SpaceX Uses Sentinel-6 Satellite To Explore The Ocean
On November 21, SpaceX’s Falcon 9 rocket was launched from SLC-4E at Vandenberg Air Force Base in California, with the latest Sentinel-6 Earth remote sensing satellite. After completing the allotted time, the first stage of the rocket gently returned to the cosmodrome.
Sentinel-6 (Jason-CS) is part of Copernicus, the European Commission’s program for global, continuous, autonomous, high-quality, and wide-range monitoring of the Earth’s surface.
Roughly speaking, this is a space altimeter jointly developed by specialists from Europe (ESA, CNES, EUMETSAT) and the USA (NASA, NOAA). It is based on the legacy of the Eurosatellites Sentinel-3 (first launched in 2016) and CryoSat-2 (in 2010), US-French TOPEX / Poseidon (1992-2005), Jason-1 (2002-2013), Jason- 2 (2008-2019), and Jason-3 (launched in 2016).
Sentinel-6 is not one, but two identical satellites: Sentinel-6A Michael Freilich and Sentinel-6B, which were designed and assembled by a consortium of 58 companies operated by Airbus Defense and Space (FRG). The second is scheduled to launch in 2025. The first device is named after Dr. Michael Frailich (1954-2020), ex-director of NASA’s Earth Science Department.
“The earth is changing, and this satellite will help us better understand how this is happening. Changing earth processes affect sea levels around the world, but the impact on local communities is very different. International cooperation is critical to both understanding these changes and informing coastal communities around the world,” said Karen Saint-Germain, director of NASA’s Earth Science Division.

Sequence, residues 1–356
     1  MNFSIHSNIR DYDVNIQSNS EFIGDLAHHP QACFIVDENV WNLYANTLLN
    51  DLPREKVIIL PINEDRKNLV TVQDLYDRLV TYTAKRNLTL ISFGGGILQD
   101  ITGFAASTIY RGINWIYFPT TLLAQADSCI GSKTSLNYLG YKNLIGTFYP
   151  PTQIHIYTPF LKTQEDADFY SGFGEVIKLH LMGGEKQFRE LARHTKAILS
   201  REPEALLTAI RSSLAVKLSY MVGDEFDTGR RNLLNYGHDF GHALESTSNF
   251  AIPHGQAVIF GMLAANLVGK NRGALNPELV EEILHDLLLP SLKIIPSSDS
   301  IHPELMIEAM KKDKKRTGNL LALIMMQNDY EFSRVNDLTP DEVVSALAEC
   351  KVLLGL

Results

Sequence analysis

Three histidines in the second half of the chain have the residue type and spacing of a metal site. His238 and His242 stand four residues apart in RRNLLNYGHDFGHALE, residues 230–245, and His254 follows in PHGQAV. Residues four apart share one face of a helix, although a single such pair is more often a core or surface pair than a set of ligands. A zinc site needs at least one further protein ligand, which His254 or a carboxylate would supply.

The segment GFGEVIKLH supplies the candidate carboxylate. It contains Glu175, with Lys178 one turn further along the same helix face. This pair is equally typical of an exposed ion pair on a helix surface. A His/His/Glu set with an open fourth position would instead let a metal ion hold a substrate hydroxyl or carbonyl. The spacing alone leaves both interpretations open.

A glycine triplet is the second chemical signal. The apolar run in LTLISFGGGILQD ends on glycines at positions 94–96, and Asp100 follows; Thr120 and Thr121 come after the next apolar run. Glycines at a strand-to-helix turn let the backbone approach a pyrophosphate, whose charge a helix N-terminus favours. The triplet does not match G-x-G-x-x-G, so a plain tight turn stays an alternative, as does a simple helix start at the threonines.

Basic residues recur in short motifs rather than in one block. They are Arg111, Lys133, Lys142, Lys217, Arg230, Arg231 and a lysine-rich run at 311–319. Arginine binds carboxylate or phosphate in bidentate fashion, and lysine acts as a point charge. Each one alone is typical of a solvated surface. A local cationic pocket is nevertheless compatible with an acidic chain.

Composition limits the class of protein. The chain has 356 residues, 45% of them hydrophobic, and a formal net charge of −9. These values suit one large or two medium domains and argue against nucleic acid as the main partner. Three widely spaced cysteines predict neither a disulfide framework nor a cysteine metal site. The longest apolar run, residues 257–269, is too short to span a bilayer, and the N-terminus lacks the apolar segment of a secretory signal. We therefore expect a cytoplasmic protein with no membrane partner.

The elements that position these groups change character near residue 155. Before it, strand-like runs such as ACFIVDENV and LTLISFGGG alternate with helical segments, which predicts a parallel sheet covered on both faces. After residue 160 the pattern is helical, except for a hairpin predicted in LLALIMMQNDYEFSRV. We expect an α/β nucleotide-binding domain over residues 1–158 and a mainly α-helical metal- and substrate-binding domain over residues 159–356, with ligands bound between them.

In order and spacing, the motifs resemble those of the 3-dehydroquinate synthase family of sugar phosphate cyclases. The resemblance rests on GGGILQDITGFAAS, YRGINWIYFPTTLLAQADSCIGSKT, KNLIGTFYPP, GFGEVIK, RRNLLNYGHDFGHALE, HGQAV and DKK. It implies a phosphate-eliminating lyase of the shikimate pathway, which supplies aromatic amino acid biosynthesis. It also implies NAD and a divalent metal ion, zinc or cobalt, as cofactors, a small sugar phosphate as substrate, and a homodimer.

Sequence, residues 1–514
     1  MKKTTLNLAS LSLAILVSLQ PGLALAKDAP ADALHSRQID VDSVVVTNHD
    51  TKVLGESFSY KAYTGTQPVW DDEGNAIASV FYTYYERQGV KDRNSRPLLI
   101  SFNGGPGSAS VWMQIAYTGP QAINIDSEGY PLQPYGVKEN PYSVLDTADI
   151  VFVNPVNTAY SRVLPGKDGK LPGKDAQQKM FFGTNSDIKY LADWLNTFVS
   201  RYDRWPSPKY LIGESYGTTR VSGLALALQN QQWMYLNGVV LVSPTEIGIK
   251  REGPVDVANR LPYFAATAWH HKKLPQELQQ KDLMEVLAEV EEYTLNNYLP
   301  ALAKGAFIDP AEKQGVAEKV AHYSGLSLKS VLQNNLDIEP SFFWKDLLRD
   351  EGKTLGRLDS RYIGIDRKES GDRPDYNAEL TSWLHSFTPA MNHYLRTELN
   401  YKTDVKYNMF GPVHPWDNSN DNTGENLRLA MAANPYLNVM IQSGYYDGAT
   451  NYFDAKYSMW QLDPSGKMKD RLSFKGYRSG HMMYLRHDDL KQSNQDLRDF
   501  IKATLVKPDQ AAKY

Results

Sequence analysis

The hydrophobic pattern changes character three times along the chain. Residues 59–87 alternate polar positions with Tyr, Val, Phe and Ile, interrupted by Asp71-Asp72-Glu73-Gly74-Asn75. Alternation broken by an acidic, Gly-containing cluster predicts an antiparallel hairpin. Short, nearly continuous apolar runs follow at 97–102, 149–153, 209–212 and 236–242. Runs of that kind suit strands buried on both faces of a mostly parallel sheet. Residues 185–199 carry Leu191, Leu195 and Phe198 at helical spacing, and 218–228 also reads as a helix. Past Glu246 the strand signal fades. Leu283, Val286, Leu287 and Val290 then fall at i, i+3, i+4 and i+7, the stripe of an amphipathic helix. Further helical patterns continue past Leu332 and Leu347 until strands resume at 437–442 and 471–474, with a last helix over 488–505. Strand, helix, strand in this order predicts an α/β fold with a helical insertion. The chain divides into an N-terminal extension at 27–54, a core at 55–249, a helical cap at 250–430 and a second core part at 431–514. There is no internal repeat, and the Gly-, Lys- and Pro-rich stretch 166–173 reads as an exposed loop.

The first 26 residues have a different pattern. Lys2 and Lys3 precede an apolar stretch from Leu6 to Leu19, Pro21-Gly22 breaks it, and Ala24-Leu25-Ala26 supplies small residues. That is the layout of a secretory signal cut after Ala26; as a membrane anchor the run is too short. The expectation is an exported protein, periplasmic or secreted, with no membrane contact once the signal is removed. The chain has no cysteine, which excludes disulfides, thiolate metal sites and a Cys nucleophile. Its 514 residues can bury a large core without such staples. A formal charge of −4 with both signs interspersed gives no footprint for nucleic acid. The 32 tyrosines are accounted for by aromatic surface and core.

On average, the sea level rose 3.2 mm from 1993 to 2018, but there are regional differences in this trend. Using satellite data, scientists have confirmed that the average sea level rise is now twice as fast as it was at the beginning of the century.
Thanks to this project, humanity will gain new knowledge and clarify already known data on the role of the ocean in climate change. There will be a clearer understanding of how technogenic activities affect the “health” of the World Ocean.
Sentinel-6 will continue to measure ocean topography (including rivers and lakes) with the highest accuracy until at least 2030, something that has been done continuously since 1992.
The size of a small pickup truck, Michael Freilich’s Sentinel-6 will expand on a nearly 30-year, continuous set of sea level data collected from the ongoing collaboration of American and European satellites. The satellite’s mission will improve weather forecasts and provide detailed information on large-scale ocean currents to support shipping along coastlines.
These programs will help to track the formation of hurricanes (in dynamics, the wave height and wind speed are measured) and predict, in near real-time, the direction where storms may go. This is critical for the adaptation and assistance of coastal areas and small islands.
The key payload of the vehicle, its “heart”, is the POSEIDON-4 altimeter, which scans the surface with a synthetic aperture radar. The design is adapted to alternate between SAR and LRM modes.
NASA Satellite ‒ Advanced Microwave Radiometer AMR-C. Water vapor in the atmosphere affects the rate at which the radar pulses travel, and hence the estimate of sea-surface height. AMR-C takes this pair into account to correct measurements.